Remix albums by artists are mostly unnecessary. The point of it all is to give their remixer friends some production credit and royalty checks, and keep fans interested until the next studio album drops. While there are a few essential remix albums that I own from producers such as Masters at Work and Jazzanova, I mostly ignore most remix albums by artists with the exception of Everything But The Girl’s Adapt Or Die: Ten Years of Remixes, and the those few months in the mid 1990s when I was constantly listening to a few tracks off Remixes in the Key of B.
With that said, my favorite artist of the moment, decides to drop a remix album. The result is a rewarding and sonically pleasing albeit non-essential listen. The problem is that the Foreign Exchange‘s best songs are already perfect modern pop/soul concoctions, and even the best remixes will not trump the original, no matter how different they are. FE‘s “Fight For Love” is my second favorite song of all time. It is a modern light rock song with soulful touches, and the plaintive emotion in it is so real and relatable to anyone who has ever been in a relationship. Stuart Matthewman probably slit his wrist when he heard it, and wished that he can strip himself of bullshit jazz or unconvincing stabs at electronic soundscapes, and write something like “Fight For Love.” Hence, a remix to “Fight for Love” by Nicky Mendes and Brasil ’66, even though it is pleasant bossa nova inspired light house, still doesn’t hold a candle when compared to the original. The same can be said about Pure P’s remix to “All or Nothing,” Focus’s remix to “The Last Fall,” Nicky Buckingham’s remix of “If This Is Love,” and Pure P’s Remix to “Maybe She’ll Dream of Me.” The Reworks shined with FE family’s less perfected original such as Ahmed Sirour’s sparse and soulful remix of “All the Kisses,” 4Hero’s remix of Zo’s “Flight of the Blackbyrd,” and Pirahnahead’s sexy house remix of Zo’s “All is Well With Love.”
The two essential tracks from the Reworks are Nicolay’s Remix of RJD2 feat. Kenna’s “Games You Can Win,” pure FE style urban pop and FE’s “Don’t Let It Be So,” a perfect homage to early to mid 1990’s Black radio R&B. The ballads, Sy Smith’s “The Art of You” and Phonte’s “A Beautiful Night” are sexier with the remixes. And Nicolay’s remix of “AC Slater,” sounds great next to “Axel F” and “Rainforest,” as I think that was his intention. These latter tracks sounds great, but they are not memorable, at least not anymore memorable than the originals. I am a bit torn on FE’s “So What If It Is.” It is mellow soulful house, but leans a bit toward sophistication than simplicity. And that is my issue with The Reworks. FE is my favorite band/artist because — regardless of the fact that their fanbase contains a few bourgie broads and suburban minority psuedo-intellectuals and half ass activists — their music is unpretentious and more honest than 99 percent of pop and soul music out there. Adding sophisticated lounge like house elements, or electronic dabs and sprinkles to their damn near perfect modern pop/soul songs made these songs more cluttered and pretentious like music for urban hipsters or those LA type white dudes that show up at soul music shows just because they think it is cool, or just to see a few more ethnic women.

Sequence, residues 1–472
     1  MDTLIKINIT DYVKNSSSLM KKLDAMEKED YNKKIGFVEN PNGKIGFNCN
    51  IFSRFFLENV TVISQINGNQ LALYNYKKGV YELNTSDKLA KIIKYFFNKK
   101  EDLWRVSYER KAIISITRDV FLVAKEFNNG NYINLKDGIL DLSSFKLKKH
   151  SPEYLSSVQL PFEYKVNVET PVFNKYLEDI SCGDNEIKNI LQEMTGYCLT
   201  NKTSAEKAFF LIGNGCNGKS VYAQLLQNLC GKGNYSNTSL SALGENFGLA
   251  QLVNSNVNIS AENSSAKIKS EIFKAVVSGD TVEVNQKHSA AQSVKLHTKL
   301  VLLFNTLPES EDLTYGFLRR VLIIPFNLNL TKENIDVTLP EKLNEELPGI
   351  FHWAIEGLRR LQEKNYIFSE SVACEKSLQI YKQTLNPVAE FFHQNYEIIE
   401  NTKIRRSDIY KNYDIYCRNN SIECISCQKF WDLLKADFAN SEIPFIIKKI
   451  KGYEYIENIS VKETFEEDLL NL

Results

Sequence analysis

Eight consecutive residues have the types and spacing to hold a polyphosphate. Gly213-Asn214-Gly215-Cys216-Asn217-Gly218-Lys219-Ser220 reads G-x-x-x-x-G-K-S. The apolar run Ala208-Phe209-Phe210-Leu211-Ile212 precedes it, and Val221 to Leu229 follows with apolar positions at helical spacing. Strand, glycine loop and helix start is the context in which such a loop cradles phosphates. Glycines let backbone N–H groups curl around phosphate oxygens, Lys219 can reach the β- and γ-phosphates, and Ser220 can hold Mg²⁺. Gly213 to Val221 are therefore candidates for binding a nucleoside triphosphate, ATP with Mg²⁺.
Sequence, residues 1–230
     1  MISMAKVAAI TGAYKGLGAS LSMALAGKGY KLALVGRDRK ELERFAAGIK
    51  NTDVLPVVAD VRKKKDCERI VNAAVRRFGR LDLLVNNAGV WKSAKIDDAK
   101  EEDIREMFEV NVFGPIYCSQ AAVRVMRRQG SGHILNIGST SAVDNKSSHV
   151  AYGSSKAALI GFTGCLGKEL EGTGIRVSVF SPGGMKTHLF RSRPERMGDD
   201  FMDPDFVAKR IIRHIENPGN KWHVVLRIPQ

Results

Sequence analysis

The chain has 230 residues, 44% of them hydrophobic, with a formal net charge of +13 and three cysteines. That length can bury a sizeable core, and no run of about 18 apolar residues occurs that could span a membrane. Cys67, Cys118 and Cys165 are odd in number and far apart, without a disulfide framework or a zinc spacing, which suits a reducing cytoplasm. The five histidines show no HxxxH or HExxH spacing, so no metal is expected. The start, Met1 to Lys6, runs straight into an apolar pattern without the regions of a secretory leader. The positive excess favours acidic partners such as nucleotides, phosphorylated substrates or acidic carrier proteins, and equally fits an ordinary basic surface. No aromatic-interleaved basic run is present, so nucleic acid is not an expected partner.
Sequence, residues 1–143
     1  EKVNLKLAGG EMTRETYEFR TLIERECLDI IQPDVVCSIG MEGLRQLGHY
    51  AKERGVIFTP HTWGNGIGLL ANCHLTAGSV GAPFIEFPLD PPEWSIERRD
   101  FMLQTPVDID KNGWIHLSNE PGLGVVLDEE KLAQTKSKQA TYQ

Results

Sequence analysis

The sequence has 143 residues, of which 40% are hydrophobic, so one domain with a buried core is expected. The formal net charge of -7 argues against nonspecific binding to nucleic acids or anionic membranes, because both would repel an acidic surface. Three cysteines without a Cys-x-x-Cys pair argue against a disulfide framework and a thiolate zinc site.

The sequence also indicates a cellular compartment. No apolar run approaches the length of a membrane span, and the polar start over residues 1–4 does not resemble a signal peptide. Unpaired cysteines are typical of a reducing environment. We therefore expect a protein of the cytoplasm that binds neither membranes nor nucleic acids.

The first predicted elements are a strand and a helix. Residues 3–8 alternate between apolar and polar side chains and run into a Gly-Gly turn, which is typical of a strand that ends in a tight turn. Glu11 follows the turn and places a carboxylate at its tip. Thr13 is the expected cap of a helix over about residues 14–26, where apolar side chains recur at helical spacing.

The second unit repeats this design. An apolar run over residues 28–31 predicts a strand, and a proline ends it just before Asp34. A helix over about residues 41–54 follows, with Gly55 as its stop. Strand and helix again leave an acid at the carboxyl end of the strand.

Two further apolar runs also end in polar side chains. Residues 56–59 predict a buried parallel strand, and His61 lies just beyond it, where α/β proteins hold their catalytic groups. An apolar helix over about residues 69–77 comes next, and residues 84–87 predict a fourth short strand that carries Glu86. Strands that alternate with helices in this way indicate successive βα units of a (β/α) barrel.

Just like remixes to “Missing,” and “Rollercoaster,” did nothing for EBTG when compared to the originals, FE’s remixes to their classics such as “Fight For Love” and “Maybe She’ll Dream of Me,” are pleasant, but at the end of the day, unnecessary. FE’s the Reworks sounds wonderful, but most of it is not essential. However, I am still anxiously waiting for their next studio release.